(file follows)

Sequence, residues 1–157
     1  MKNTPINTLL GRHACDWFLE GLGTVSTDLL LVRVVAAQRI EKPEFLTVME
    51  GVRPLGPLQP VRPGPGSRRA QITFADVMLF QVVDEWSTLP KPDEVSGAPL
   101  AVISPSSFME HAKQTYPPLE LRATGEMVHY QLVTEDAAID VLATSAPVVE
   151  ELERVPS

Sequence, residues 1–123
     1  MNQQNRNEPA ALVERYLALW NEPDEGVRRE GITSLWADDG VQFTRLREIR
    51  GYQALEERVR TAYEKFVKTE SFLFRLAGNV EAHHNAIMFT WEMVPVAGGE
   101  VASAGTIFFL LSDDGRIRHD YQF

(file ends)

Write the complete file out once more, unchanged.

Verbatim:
Sequence, residues 1–157
     1  MKNTPINTLL GRHACDWFLE GLGTVSTDLL LVRVVAAQRI EKPEFLTVME
    51  GVRPLGPLQP VRPGPGSRRA QITFADVMLF QVVDEWSTLP KPDEVSGAPL
   101  AVISPSSFME HAKQTYPPLE LRATGEMVHY QLVTEDAAID VLATSAPVVE
   151  ELERVPS

Sequence, residues 1–123
     1  MNQQNRNEPA ALVERYLALW NEPDEGVRRE GITSLWADDG VQFTRLREIR
    51  GYQALEERVR TAYEKFVKTE SFLFRLAGNV EAHHNAIMFT WEMVPVAGGE
   101  VASAGTIFFL LSDDGRIRHD YQF